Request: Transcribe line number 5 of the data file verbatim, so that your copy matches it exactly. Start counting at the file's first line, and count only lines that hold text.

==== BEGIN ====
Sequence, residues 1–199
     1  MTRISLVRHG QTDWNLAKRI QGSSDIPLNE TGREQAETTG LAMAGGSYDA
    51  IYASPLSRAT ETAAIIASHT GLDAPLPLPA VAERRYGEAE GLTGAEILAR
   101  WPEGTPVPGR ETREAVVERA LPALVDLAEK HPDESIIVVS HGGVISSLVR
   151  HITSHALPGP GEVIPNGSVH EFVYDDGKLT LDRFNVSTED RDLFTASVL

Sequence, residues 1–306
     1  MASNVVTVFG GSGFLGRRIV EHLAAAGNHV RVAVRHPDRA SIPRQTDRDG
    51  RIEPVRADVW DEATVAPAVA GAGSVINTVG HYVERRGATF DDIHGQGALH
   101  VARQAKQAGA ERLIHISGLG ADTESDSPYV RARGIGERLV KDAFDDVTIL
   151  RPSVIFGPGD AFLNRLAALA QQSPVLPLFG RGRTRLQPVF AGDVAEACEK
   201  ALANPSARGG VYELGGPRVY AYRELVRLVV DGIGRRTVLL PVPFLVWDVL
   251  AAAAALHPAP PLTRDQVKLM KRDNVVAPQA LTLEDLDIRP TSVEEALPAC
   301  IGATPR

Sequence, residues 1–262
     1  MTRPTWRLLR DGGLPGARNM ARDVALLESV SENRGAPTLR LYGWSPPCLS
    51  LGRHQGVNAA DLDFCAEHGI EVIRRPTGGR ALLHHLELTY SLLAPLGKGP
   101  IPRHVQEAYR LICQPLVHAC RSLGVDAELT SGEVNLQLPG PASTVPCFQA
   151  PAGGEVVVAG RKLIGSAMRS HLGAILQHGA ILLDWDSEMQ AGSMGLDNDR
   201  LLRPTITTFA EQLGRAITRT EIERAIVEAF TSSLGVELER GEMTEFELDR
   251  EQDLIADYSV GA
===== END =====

   151  HITSHALPGP GEVIPNGSVH EFVYDDGKLT LDRFNVSTED RDLFTASVL